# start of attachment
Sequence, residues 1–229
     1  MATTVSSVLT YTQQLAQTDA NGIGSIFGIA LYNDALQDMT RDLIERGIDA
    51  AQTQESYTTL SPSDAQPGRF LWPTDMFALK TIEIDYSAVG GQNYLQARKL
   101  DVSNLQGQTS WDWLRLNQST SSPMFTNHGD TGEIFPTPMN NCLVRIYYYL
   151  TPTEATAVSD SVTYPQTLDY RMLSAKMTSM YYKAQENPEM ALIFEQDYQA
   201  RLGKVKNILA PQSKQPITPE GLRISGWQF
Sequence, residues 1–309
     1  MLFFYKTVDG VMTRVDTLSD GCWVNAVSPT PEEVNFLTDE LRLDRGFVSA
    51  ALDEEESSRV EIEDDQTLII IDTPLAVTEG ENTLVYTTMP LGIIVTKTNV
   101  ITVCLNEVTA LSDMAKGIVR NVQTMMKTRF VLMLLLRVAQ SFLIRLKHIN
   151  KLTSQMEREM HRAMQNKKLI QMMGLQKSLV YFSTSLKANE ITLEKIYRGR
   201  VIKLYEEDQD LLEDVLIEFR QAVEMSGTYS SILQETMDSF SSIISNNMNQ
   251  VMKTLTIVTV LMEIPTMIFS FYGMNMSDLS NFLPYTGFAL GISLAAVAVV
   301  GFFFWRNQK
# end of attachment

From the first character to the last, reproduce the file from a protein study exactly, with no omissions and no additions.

Sequence, residues 1–229
     1  MATTVSSVLT YTQQLAQTDA NGIGSIFGIA LYNDALQDMT RDLIERGIDA
    51  AQTQESYTTL SPSDAQPGRF LWPTDMFALK TIEIDYSAVG GQNYLQARKL
   101  DVSNLQGQTS WDWLRLNQST SSPMFTNHGD TGEIFPTPMN NCLVRIYYYL
   151  TPTEATAVSD SVTYPQTLDY RMLSAKMTSM YYKAQENPEM ALIFEQDYQA
   201  RLGKVKNILA PQSKQPITPE GLRISGWQF
Sequence, residues 1–309
     1  MLFFYKTVDG VMTRVDTLSD GCWVNAVSPT PEEVNFLTDE LRLDRGFVSA
    51  ALDEEESSRV EIEDDQTLII IDTPLAVTEG ENTLVYTTMP LGIIVTKTNV
   101  ITVCLNEVTA LSDMAKGIVR NVQTMMKTRF VLMLLLRVAQ SFLIRLKHIN
   151  KLTSQMEREM HRAMQNKKLI QMMGLQKSLV YFSTSLKANE ITLEKIYRGR
   201  VIKLYEEDQD LLEDVLIEFR QAVEMSGTYS SILQETMDSF SSIISNNMNQ
   251  VMKTLTIVTV LMEIPTMIFS FYGMNMSDLS NFLPYTGFAL GISLAAVAVV
   301  GFFFWRNQK